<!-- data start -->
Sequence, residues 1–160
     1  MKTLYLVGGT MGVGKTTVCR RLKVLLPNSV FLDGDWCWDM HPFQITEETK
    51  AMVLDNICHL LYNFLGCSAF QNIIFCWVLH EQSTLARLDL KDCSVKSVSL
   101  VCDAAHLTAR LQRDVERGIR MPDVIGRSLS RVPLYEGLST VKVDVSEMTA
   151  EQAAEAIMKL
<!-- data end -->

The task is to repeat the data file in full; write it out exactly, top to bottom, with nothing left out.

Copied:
Sequence, residues 1–160
     1  MKTLYLVGGT MGVGKTTVCR RLKVLLPNSV FLDGDWCWDM HPFQITEETK
    51  AMVLDNICHL LYNFLGCSAF QNIIFCWVLH EQSTLARLDL KDCSVKSVSL
   101  VCDAAHLTAR LQRDVERGIR MPDVIGRSLS RVPLYEGLST VKVDVSEMTA
   151  EQAAEAIMKL